Mine! Mine? Yours! OURS!
A curious Little Panda stumbles upon a den while out exploring the forest. In the den, he finds Big Panda sound asleep. Startled awake and visibly irritated, Big Panda plunks his small visitor back outside. Not deterred, Little Panda wanders back indoors in the hopes of sharing a breakfast of bamboo shoots and tea, but Big Panda isn’t having it. “Mine,” Big Panda repeats unkindly until, softening, he spies a kite hanging on his wall. “Yours,” he offers as a consolation. So begins this brief adventure in what is mine, what is yours and, finally, what is ours.
Little Panda meanders back through the forest, struggling to control his new toy. The wily kite knocks over a drum, ends a game of checkers, tangles in a fishing line, and upturns a raft, much to the chagrin of the other forest animals. One by one, they bristle, annoyed by Little Panda and his disruptive kite. “Mine,” they say in turn, referring to their upset possessions. “Yours,” they say, referring to the offensive kite before sending a saddened Little Panda away. But when the kite picks Little Panda up off the ground, the animals join forces to attempt to pull it and him back down. Big Panda reappears just in time to snag the tail and bring the whole bunch back to earth. “OURS!” they all cry in shared celebration.
The entire text of this picture book is comprised of three repeated words - mine, yours, ours. While the concept of telling a story with so few words is intriguing, the execution falters. Overall, the narrative is confusing. It is not clear, for example, who the two pandas are to one another. Picture book convention would have readers view them as parent and child, but they appear not to know each other. The relationship between Little Panda and the other animals is also unclear. The story needed more development - whether in textual or visual storytelling (or both). The text and images feel incongruent. If the book is meant to convey a message of sharing, which seems to be the direction it was taking, it has missed the mark with a hard-to-interpret ending. Ultimately, it is difficult to make sense of this book. The concept and narrative fall flat and leave readers with more questions than answers.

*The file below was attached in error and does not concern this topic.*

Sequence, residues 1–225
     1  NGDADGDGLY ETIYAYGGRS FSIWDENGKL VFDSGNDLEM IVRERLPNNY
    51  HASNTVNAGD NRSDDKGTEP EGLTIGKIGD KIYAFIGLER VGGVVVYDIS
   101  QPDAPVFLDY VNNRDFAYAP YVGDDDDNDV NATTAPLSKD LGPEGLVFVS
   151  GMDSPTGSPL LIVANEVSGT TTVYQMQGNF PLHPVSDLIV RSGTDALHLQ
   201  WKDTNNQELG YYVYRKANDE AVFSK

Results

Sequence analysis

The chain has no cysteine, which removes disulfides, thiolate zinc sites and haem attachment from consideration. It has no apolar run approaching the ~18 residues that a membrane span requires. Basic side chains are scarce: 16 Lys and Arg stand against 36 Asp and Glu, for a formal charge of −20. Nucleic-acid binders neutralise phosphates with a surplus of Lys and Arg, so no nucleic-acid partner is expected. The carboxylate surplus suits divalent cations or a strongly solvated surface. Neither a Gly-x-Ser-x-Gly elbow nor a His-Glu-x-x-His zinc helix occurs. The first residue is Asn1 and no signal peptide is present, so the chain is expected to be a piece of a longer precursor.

Visually, Mine. Yours. is an appealing package. Qin Leng’s watercolour and ink illustrations are delightful. Her whimsical style is gentle yet cheerful, never too busy but with enough detail to invite closer inspection. The images are often cushioned by ample whitespace that allows them plenty of space to breathe on the page.
All of the animals in the book are native to Asia; a welcome departure from the standard troupe of woodland animals that typically feature in these types of stories. Qin Leng depicts pandas, pangolins, racoon dogs, river otters, and fishing cats playing games, rafting, and otherwise going about their anthropomorphic business. The animals are identified for readers at the end of the book.
A mostly-wordless picture book is no easy feat. Mine. Yours. is a valiant attempt that unfortunately falls short.
Devon Arthur is a graduate of the University of Winnipeg’s Young People’s Texts and Cultures program. Formerly a children’s bookseller, she now works at the Vancouver Public Library.